The main principle in law is that of precedence, which is the idea of following old decisions (made by that judge, or judges before them).
“But how do we know such oooold decisions are right?,” Mandy asked, “what about if those decisions were made incorrectly?”
“Judges generally delineate hours on such questions, and include reasoning with them,” Jamie commented, “judges leave the duty to change the law up to the legislative branch (the government), which the people have democratically vote upon.”
“There are some exceptions though,” Mandy noted, “those judges are known as judicial activists.”
A judge does not generally have an option to change the law, unless they are a superior court. A superior court means a higher court. The court hierarchy in the United Kingdom is as follows:
- High Court (highest)
- Supreme Court
- Magistrates Court
- District Court (lowest)
So this relates to judge-made law.
For statute/legislation however, there is no rule of precedence. This is therefore the other way to alter law. Parliament can decide to implement whatever law they like, so long as they have a vote of majority in the house (and sometimes an upper house too).
Answering legal questions
To answer a legal problem, use the IRAC formula, i.e.:
Issues: Identify the legal issues that arise from the case
For example, if the passage states, “Miley Cyrus has been travelling using Hannah Airlines. Whilst on the plane, Miley tripped over a bar, and was seriously injured. There is a discovered document that shows complaints were earlier alleviated against the airline regarding the same bar. Miley wishes to seek compensation for her medical expenses.” The legal issues that arise from this case are, “what parties can be held liable for the damages caused to Miley, and what damages can be sought?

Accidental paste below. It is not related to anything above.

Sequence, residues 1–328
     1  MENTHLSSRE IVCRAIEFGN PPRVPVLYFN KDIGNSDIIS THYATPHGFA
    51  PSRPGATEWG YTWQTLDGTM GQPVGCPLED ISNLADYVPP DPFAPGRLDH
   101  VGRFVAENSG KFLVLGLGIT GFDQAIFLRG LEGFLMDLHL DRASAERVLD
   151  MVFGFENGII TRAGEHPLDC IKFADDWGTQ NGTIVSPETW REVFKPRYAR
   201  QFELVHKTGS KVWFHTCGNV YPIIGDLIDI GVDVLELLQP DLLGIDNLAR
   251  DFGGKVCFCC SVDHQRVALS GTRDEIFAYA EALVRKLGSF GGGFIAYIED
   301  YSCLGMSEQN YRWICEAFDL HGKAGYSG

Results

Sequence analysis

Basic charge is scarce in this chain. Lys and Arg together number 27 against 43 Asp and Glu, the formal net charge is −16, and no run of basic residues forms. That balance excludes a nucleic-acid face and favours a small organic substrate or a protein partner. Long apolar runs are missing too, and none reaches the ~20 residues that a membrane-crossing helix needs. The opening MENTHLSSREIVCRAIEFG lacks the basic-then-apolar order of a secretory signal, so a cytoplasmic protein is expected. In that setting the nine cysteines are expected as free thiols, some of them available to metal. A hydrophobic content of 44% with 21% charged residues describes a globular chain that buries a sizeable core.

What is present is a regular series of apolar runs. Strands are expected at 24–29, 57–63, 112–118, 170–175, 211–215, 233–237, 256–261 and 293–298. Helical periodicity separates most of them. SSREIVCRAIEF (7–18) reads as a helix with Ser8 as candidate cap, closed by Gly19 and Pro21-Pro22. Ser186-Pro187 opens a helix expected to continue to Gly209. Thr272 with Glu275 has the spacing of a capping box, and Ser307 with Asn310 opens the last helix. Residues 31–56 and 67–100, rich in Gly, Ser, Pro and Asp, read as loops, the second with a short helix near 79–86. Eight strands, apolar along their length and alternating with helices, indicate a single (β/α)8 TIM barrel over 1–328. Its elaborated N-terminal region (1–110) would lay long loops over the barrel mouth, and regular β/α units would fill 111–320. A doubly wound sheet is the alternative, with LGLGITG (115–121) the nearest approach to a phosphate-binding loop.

Rules: Identify the rules that are relevant to the legal issues
In the example, clearly, Hannah Airlines may be subject to negligence, which is that if it hadn’t taken reasonable steps to ensure the plane was safe up to a requisite standard, it may be liable. Similarly, the maker of the airplane may be subject to negligence.
Apply: Apply the rules to the facts of the problem (this is where students usually go wrong)
In the example, addressing the first point, the question is whether Hannah Airlines failed to meet the requisite standard held up to airlines generally. Given that the airline was made aware of problems with the same bar earlier, it seems as if though Hannah Airlines has failed to meet the requisite standard. As to the second point, the problem with the maker of the airplane is that it is now more remote. It is found in fact that the bar isn’t apart of airplane, and in fact is a custom design made by Hannah Airlines. Therefore, it seems as if though it doesn’t have anything to do with the manufacturer.
Conclusion: Draw a conclusion balancing the propensity of each argument In the example, we therefore draw the summary that it is likely the airline will be liable in negligence, and it is highly unlikely the airplane manufacturer will be liable.
Note I’ve used the words “likely”, “unlikely”, not “they are” or “they are not” liable – because you are just weighing alternatives, and lawyers need to be careful not to misrepresent the law to the clients, so they need to adopt such language.